Scores of Taliban killed in Afghanistan

At least 65 Taliban insurgents have been killed in several coalition offensives in southern Afghanistan, US and Afghan military officials say.

    British soldiers form part of the Nato deployment

    In the largest battle, at least 40 Taliban fighters were killed in the southern Uruzgan province during a five-hour gun battle after they attacked coalition forces in the province, the US military said on Saturday.

    No coalition or civilian injuries were reported, the statement added.

     

    In a separate incident, coalition and Afghan forces attacked "a large group of extremists" in the Zharie district of neighbouring Kandahar province, killing 25 insurgents, US military officials said.

     

    "Several extremists broke contact by using innocent Afghan civilians as shields to escape into nearby villages," they said.

     

    Massive offensive

     

    Nato-led forces launched a massive offensive earlier this month, called Operation Mountain Thrust, against Taliban forces in a bid to stop a wave of suicide attacks and ambushes over the past few months.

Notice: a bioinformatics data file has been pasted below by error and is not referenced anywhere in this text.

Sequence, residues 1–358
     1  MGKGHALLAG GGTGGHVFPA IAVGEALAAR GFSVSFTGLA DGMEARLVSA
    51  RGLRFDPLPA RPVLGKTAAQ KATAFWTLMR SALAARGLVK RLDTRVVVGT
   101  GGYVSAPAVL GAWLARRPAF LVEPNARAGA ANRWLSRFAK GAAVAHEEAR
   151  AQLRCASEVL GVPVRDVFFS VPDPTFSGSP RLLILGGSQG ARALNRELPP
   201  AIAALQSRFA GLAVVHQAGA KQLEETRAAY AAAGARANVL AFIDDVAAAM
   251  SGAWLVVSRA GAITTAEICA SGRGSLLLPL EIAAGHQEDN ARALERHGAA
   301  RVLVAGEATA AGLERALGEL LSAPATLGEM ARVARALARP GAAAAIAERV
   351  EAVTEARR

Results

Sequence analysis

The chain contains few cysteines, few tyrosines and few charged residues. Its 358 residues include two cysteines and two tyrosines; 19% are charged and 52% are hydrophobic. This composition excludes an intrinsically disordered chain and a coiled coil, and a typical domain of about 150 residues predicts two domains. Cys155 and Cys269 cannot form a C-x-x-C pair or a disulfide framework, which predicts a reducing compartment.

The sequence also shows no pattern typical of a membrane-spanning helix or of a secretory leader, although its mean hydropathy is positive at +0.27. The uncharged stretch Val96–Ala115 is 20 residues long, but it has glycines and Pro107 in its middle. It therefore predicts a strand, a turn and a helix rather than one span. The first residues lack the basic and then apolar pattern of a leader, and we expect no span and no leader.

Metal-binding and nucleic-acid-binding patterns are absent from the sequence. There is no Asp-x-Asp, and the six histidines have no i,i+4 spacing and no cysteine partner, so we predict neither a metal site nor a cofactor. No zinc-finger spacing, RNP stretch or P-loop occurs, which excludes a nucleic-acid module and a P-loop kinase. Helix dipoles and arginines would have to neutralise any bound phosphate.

"As we enter the second week of this operation, we have made very good achievements"

    Mohammad Zahir Azimi, Afghan defence ministry spokesman

    It is the largest military operation in the country since the fall of the former Taliban government in 2001.

     

    More than 10,000 Afghan, British, Canadian and American troops are deployed across Afghanistan's Kandahar, Helmand, Uruzgan and Zabul provinces - areas where Taliban forces appear to have regrouped.

     

    The coalition says about 200 Taliban fighters have been killed since Operation Mountain Thrust got under way this month, while the Afghan defence ministry put the number at about 150, with a further 30 wounded and 60 arrested.

     

    "Mountain Thrust is one of the biggest operations in the south of the country. As we enter the second week of this operation, we have made very good achievements," said General Mohammad Zahir Azimi, a ministry spokesman.

    SOURCE: Agencies


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